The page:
Planning a bachelorette party is not as easy as one might imagine.  Let's say the planner doesn't know many of the guests who will be attending - and knows that some are more "conservative" than others.  Standard rule of thumb is, of course, to provide the bride-to-be with a memorable, naughty, but not permanently-scarring evening.  Humiliation on some level is required.    Now I'm not naming names, but I know one bachelorette who proved rather fearless (with a few shots of Citron in her).  So bravo and good luck!!!
(Now I have to write a toast.  There will be a "toast rant" momentarily). 

Thursday, July 15, 2004

Job News

So I'm getting "hired" by the company that I've worked for for 18 months now. For less than I'm making as an independent consultant. Go figure. But as an IC, I wasn't getting any raises, or benefits, or any paid vacations or sick leave. And counting all of that - I'm getting paid less for doing the same work. Assuming they give me an annual raise, however, the year after next I should be making what I'm making now. So, really, what's to complain about?

Wednesday, July 14, 2004

How I Learned To Stop Worrying And Love The...

Just got back from Washington DC, where we attended a wedding and visited the nation's capital. We were actually seated in the Senate when Diane Feinstein (possibly the only democrat present) told the three republicans present-

(seriously, I thought senators actually sat in the senate and debated things. Apparently they either wait until television prime time or they only show up for a vote. There were literally 3 pages per senator when I counted, and, if you're wondering, no, those pages didn't have anything to do that I could tell. I briefly - once again waiving the flag for nerds everywhere - fantasized about being a Congressional Page, and these fantasies always involved me running extremely important papers to and fro between senators. Yeah, these kids were parked on a carpeted ledge chewing gum and giggling quietly amongst themselves.)

-to stop pursuing the "constitutional amendment for a ban of gay-marriage" issue when there are many more serious issues facing our country. (Sorry, dad, I'm still a democrat - but I love you!)

There were three (and I say this with no judgment - it is the factual truth, and if CSPAN had tilted up about 30 degrees you could buy the tape and check this for yourselves) fat white southerners on the bench in front of us who were fit to be tied by the hint of a suggestion that all the people in this country should be able to join into a legal, life long commitment with a beloved partner. I say a "hint of a suggestion", because that was not want DF was arguing. She was basically saying that this whole debate on a constitutional amendment was a waste of the Senate's precious time since it didn't have anywhere near the votes (as was evidenced today: Washington Post) to make it into serious discussion.

How do I know they were Southern, you ask? Well, despite the clearly printed NOTICE TO VISITORS in the Senate handbook that guests are prohibited from making displays of agreement or disagreement, these folks were hemming and hawing and rocking back and forth and (to say "foaming at the mouth" would be taking it a step too far, but not by much) generally making it known to the entire visitors' balcony that they believed, as the two Republican Senators who followed testified, that allowing gays to marry would destroy the fabric of American Society.

If anyone reading this can offer a translation - all I want to understand is how the two Republican senators figure that allowing a woman and a woman to marry is going to destroy the fabric of America. I don't care if YOU believe it - I just want someone to explain to me what this means. I honestly can't wrap my head around it. Seriously - so Lisa and Betty get married... and suddenly the economy tanks? Or we are seen as weak and are bombed by other countries? Or cows stop giving milk and the land dries up?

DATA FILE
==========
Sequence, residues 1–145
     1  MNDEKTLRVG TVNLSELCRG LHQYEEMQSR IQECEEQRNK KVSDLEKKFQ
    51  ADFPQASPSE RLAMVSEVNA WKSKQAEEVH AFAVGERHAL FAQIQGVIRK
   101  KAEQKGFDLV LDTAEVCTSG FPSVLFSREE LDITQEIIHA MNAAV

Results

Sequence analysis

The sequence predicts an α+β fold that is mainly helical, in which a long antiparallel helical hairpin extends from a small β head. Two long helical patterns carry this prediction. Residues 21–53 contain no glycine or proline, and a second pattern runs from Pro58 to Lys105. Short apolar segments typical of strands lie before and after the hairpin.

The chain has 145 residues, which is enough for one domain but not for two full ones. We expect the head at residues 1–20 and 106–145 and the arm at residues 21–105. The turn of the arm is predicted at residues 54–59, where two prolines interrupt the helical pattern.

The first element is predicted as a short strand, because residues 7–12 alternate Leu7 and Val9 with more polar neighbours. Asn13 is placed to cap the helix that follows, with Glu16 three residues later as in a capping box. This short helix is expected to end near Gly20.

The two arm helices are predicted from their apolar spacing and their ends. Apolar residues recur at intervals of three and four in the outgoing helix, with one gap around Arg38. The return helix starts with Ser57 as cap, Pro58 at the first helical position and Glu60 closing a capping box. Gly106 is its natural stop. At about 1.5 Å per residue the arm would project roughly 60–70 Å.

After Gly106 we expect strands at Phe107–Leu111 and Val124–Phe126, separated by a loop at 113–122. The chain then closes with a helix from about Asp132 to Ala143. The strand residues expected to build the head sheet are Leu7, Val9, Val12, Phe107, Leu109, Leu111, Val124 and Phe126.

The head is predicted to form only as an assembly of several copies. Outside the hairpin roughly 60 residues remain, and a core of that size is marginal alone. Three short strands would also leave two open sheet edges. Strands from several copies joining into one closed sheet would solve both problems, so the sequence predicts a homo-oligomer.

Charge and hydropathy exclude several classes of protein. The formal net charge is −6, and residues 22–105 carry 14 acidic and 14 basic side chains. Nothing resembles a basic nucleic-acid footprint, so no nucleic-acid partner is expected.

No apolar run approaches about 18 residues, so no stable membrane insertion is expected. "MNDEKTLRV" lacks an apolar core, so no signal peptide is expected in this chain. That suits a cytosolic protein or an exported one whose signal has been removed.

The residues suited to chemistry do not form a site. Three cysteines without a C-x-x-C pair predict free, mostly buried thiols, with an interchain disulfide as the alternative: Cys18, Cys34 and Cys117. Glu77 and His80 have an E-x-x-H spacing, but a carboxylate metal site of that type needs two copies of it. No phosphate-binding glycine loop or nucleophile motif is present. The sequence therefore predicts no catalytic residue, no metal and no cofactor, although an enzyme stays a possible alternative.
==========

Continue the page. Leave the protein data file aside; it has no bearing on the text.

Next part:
Is it just me or does anyone else feel this desperate dread when listening to a religious crusader pushing for the government to amend the Constitution of the United States to restrict privileges to one section of the population while banning a whole group of people from the right to a legally recognized life-long partnership? Isn't this one of the most fundamental tenants of our country? The separation of church and state?

Okay - sorry. My dad is never going to read my blog again.

Friday, July 09, 2004

My Sista Kicks Ass

So my sister has ascended to the Green Sash in Kung Fu. I used to sit on her and tickle her and she couldn't do anything about it becasue she was the LITTLE sister. Yeah, I won't be doing that anymore.

Wednesday, July 07, 2004

Doe, Another Deer, Two baby deer...

I was driving to work yesterday, on the lot, and four deer were calmly walking along my street. Two does and two fawns, with the spots and everything.

Sunday, July 04, 2004

Dolphins in Southern California

I guess I always expected dolphins to steer clear of southern California beaches, what with the pollution and the Los Angelinos. This weekend we were graciously invited up to visit a friend's beach house and as I was walking down the beach towards the ocean when I saw a whole family of dolphins jumping in the waves. I ran straight out into the ocean to watch them - they were so close. It was amazing. Does this mean I can say I've been swimming with wild dolphins? I don't care - I'm saying it. They looked so incredibly happy, jumping up out of the water over waves that were just beginning to break. So close to the shore.

Writing News: Nothing to report. Except that I met a lovely development lady at this party who strongly suggested I pursue getting an agent.

Friday, July 02, 2004


And so it begins. Last night (JB's FIRST DAY on this new film) he gets home at 3:00 AM. Day one, folks. I know he's tired, but still excited about this opportunity. Plus, he gets to spend all day recording antique cars and stuff. Which beats the crap out of what I do!

Writing News: nothing to report, except that I need to kick it into gear with regards to the K script. I need to have something for mr. manager. So maybe that's what I can do with my 4th of July weekend sans JB.

Thursday, July 01, 2004


Today is JB's first day of work on his new sound editing job, which means he's not going to work with me anymore. Excited for him. And a little sad. Hope all goes well at the new office!

Universe Comes Into Alignment

Okay, this is MUCH BETTER. Due to public outcry (read: two people thought I ought to try once more) I retook the quiz and got:

Lord of the Rings!

Try it for yourself.

Now that's what I'm saying. I especially agree with the "your friends are probably all as talented as you are" bit. Because it's true. You know who you are.

Writing News: Have submitted the B script to 6 screenwriting contests so far.